When you buy a cabinet, a chair, or anything from a master craftsman, do they design it with some clever way to sit in it and then write a manual in terrible english prose to explain how you should be sitting in it? NO!... Well at least not most of them, maybe some douche-bag avant-garde retro-bauhaus designer would, but who cares. Let's face it, in life most of what you do will not be sophisticated or clever or even fun. It will be work. The difference is not between how you deal with the opportunity for creativity but the opportunity for craftsmanship.
There are a few things that I've noticed in my short term in industry
- You will do more craft than art in life (even if you're an artist)
- If you do something at the limits of your comprehension, you will not understand it later
- Cleverness leads to sadness
After writing those down a few days ago, I've had some time to reflect on what that all means. It also gave me time to decide that the first and last concepts, while important, are just not as useful as the second; I'm throwing them away for now. Really the most important thing you need to remember is:
If you do something at the limits of your comprehension, you will not understand it later
On second thought, maybe this post was the limits of what I can understand; I should stop trying to say something profound...
from itertools import takewhile class Fib(object): i = 0 items = list() def __init__(self): self.n = 0 self.n_1 = 1 def __contains__(self, item): if item in self.items: return True else: self.items += list(takewhile(lambda x: x <= item, self)) self._rollback() return self.items[-1] def __getitem__(self, key): if key <= len(self.items): return self.items[key - 1] else: self.items += list(takewhile(lambda x: self.i < key - 1, self)) self._rollback() return self.items[-1] def __iter__(self): return self def next(self): next = self.n + self.n_1 self.n = self.n_1 self.n_1 = next self.i += 1 return next def _rollback(self): """ When iteration gets stopped by takewhile we've gone one too far so it needs to be backed up one """ self.n = self.items[-2] self.n_1 = self.items[-1] self.i -= 1Update: I've got a gist going of this which includes some bug fixes for slicing.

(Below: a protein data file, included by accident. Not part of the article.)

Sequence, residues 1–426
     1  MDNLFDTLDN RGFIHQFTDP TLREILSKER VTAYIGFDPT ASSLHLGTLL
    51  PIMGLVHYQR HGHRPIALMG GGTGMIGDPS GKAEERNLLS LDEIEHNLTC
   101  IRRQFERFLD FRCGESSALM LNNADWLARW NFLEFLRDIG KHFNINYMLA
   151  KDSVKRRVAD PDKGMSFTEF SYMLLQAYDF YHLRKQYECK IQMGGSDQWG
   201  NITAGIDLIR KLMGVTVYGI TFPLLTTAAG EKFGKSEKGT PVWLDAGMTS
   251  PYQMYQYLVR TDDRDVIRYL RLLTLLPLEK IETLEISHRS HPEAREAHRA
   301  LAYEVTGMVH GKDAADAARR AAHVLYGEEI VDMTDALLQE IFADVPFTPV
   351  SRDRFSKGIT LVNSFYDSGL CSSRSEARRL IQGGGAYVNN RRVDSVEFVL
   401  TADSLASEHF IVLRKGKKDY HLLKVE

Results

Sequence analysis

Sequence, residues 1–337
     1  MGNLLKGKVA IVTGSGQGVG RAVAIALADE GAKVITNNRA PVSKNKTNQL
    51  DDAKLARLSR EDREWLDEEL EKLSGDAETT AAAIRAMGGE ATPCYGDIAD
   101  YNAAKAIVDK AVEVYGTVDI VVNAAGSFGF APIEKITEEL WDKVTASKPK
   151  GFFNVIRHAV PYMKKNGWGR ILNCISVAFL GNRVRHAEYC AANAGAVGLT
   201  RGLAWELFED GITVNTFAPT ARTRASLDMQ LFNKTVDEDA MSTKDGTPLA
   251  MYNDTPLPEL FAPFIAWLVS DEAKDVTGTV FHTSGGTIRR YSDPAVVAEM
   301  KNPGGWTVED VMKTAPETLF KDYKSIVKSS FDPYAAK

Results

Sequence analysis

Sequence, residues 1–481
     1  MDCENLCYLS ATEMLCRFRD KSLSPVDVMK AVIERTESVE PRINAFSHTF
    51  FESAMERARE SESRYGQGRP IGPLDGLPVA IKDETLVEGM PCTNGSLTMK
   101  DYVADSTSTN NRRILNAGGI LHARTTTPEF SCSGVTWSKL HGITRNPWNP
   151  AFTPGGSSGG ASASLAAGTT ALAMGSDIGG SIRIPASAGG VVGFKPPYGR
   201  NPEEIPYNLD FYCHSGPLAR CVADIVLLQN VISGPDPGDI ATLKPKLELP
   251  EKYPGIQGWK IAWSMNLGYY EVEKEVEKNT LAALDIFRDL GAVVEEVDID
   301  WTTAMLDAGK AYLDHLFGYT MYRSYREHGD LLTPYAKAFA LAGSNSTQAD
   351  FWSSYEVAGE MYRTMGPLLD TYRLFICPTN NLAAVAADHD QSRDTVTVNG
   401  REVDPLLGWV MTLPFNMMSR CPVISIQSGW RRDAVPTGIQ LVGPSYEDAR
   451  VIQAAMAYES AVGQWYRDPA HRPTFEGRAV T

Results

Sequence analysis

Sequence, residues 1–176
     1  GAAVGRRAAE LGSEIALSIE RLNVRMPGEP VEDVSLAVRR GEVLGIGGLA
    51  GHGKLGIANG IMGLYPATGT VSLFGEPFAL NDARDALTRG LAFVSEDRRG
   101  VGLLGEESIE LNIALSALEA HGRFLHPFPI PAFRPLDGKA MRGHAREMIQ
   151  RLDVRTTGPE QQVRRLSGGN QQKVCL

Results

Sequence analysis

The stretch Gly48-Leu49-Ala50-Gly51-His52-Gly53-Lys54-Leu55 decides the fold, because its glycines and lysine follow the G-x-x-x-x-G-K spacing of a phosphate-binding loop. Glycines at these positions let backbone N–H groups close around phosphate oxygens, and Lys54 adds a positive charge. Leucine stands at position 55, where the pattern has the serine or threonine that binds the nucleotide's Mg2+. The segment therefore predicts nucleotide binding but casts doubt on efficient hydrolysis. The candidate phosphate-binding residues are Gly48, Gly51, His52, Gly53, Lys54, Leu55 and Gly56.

I've been working with JS a lot more and I think the patterns used in that language to give the appearance of classical inheritance are terrible. Let the language be what it is, not what you wish it was. Most directly, I'm talking about a JS charting library. It is clearly an API designed around object configuration, not object manipulation. In my attempts to provide a simpler API for less experienced developers to use, I've discovered the quirks that are inherent to the choices its designers made. I believe there is too much data hiding. If I wanted to configure an object on the fly, I'll need to reconfigure the whole thing because the API hides my direct access to these configuration functions. I see no reason for these to be hidden, but for these reasons I will abandon my efforts to simplify things further.
API designers, please trust your users more. I've learned this lesson the hard way. It is better to keep an API simple and require the user to do a little more work, than to wrap it up in a leaky abstraction; and lets face it, all abstractions are leaky. If you're going to abstract something, make it opaque and simple! Too much sekret sauce might make things look nice, but when it all goes wrong it won't be pretty.
Remember, you don't know what your audience is assuming, maybe its better not to assume at all. And in the case that you do keep assumptions in your code, list them out somewhere! Maybe seeing the number of assumptions made is a good exercise in facing the complexity you've created, since your users will also need to keep track of them too. Now, I will grant that this opinion is a bit harsh. The ideal is probably somewhere in between. Without assumptions code is tedious and tedium leads to mistakes. However, more is not always better so I will leave you with this thought: magic is capitalizing on assumptions, but the best tricks are usually the simplest.